This video from the NCC 2022 Webinar Series held in March 2023 covers the changes to apartment energy efficiency in NCC 2022.
Clare: Hi, and welcome to this presentation on our NCC 2022 Class 2 Apartment Energy Efficiency Provisions. I'm your host, Clare Wright.
Before we begin, let's take a moment to acknowledge the traditional owners of the lands on which we produce this presentation, the Ngunnawal peoples, and the traditional owners of the land from which you are watching this presentation. I'd like to pay my respects to their elders past and present and recognize their culture in the world.
Today's presenter is Mike Dodd. Mike is one of our energy efficiency team members here at the Australian Building Codes Board. His work involves project managing some of the energy efficiency changes included in the code.
Before we hand over to Mike, I'd like to cover off the learning outcomes for this presentation. After this session, the aim is that you'll have a better understanding of the NCC and learn the following.
First, be able to describe the changes to the National Construction Code as they relate to Class 2 apartment energy efficiency.
Second, interpret and understand some of these provisions.
And lastly, identify when these provisions will be adopted.
Now, I'll hand you over to Mike, who will take you through the content.
Mike: Today, I'll provide a summary of the recently released energy efficiency provisions included in the 2022 update of the NCC focusing on apartment buildings.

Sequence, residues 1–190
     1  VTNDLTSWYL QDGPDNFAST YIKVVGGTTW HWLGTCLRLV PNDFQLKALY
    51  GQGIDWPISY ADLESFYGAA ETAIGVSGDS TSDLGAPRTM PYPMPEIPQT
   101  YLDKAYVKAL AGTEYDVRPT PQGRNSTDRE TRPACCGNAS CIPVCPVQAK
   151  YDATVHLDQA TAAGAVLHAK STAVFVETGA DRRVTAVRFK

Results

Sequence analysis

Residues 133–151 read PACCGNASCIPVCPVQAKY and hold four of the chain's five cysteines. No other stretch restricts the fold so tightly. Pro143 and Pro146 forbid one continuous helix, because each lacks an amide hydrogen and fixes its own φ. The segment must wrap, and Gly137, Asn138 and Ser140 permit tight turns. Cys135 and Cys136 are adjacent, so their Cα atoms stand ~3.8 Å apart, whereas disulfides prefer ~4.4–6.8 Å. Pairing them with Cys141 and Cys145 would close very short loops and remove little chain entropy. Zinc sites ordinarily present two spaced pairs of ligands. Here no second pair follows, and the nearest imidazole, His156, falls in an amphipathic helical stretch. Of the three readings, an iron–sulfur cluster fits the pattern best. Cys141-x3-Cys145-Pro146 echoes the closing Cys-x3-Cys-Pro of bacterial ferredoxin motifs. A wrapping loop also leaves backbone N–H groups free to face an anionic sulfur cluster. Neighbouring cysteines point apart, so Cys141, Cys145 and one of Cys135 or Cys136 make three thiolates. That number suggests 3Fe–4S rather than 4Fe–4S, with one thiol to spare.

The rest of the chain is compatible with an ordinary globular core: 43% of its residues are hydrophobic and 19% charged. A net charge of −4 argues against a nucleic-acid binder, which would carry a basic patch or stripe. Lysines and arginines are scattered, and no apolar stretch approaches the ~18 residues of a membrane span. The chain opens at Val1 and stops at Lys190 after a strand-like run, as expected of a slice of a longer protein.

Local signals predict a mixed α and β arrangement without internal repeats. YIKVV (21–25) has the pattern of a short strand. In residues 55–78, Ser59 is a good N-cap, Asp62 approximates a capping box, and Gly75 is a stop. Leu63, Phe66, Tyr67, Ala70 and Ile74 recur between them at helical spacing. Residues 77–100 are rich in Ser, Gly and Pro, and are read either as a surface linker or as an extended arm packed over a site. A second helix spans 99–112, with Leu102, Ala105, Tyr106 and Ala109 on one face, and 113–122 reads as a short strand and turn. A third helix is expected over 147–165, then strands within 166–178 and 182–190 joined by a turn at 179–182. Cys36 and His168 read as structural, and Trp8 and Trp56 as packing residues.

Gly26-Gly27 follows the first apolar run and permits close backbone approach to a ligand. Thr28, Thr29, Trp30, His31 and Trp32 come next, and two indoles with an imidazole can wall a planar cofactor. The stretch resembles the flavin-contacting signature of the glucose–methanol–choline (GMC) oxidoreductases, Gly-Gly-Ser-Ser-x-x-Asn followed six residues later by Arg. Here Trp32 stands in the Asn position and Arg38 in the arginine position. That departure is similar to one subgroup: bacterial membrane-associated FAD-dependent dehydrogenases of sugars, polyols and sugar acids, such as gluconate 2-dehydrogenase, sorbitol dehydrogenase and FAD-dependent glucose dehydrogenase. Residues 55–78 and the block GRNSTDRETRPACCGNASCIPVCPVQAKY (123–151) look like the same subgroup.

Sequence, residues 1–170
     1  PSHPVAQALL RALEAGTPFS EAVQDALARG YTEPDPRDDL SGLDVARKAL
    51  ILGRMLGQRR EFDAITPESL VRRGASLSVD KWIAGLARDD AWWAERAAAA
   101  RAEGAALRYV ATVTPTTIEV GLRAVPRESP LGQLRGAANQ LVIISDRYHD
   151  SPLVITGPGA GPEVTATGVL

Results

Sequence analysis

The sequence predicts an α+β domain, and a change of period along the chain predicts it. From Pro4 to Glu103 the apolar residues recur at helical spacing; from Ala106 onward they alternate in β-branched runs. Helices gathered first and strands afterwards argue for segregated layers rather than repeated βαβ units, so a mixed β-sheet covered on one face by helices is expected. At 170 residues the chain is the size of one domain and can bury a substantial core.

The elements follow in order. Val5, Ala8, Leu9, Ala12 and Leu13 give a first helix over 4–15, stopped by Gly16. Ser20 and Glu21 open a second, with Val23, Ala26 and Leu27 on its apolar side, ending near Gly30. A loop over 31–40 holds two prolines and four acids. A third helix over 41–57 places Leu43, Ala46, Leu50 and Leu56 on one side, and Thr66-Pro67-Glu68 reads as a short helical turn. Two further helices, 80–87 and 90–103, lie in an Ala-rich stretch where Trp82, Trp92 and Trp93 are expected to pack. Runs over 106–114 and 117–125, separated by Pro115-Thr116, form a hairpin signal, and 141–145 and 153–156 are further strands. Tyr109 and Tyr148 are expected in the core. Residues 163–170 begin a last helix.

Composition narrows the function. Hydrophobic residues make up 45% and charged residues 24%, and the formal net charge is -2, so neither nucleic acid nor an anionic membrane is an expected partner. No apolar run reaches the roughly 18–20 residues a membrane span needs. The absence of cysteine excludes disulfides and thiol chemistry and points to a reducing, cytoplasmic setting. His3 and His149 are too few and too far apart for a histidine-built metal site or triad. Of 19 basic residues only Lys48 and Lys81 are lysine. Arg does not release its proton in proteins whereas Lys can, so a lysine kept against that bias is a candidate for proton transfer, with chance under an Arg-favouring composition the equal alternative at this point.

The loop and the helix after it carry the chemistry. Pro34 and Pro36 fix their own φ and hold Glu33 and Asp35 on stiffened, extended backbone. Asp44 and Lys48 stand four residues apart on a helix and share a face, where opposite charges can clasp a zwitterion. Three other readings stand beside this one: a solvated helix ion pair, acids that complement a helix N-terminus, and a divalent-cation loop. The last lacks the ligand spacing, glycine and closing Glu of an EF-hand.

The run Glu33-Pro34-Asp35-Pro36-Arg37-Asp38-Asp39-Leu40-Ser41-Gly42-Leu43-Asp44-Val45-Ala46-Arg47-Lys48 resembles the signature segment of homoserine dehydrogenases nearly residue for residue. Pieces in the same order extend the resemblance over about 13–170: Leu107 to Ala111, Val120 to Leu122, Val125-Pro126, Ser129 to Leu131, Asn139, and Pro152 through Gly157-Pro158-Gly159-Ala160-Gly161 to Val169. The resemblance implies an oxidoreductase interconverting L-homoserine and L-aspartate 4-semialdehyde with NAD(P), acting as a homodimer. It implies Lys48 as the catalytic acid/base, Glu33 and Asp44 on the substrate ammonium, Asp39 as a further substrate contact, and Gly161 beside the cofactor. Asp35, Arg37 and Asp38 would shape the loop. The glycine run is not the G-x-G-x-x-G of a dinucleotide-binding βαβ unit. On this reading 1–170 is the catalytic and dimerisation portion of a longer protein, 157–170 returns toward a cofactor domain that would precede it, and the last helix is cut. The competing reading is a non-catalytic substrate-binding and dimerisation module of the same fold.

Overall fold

I'll start with an overview of the changes and their intent.
I'll cover the mandatory performance requirements and then look in detail at the different compliance options available.
I will also run through the new requirements for electric vehicles, or EVs, and renewable energy equipment that affect apartment buildings.
I will conclude by providing information on when the changes will be adopted and where further guidance can be found.
Okay, to begin with, I will cover the key changes that we think you need to be aware of.
There are four key things that I would like to highlight in relation to the energy efficiency changes for apartment buildings. I will go through each of these in more detail later, but here are the key changes.
Firstly, there are three new performance requirements, one related to the building fabric of apartments sole-occupancy units, one related to a unit's appliances, and one for apartment building common areas related to electric vehicle charging and renewable energy equipment.
Second, to help meet these new requirements, there are two new compliance pathways, a deemed-to-satisfy pathway and a verification method.
Third, there is a stringency increase for building fabric. This is equivalent to one star when using the NatHERS tool.
Finally, there are several new deemed-to-satisfy requirements for EV and renewable energy readiness. There are four objectives, which are to reduce energy consumption and energy peak demand, to reduce greenhouse gas emissions, to improve occupant health and amenity, and to make the retrofit of renewable energy and electric vehicle charging equipment easy.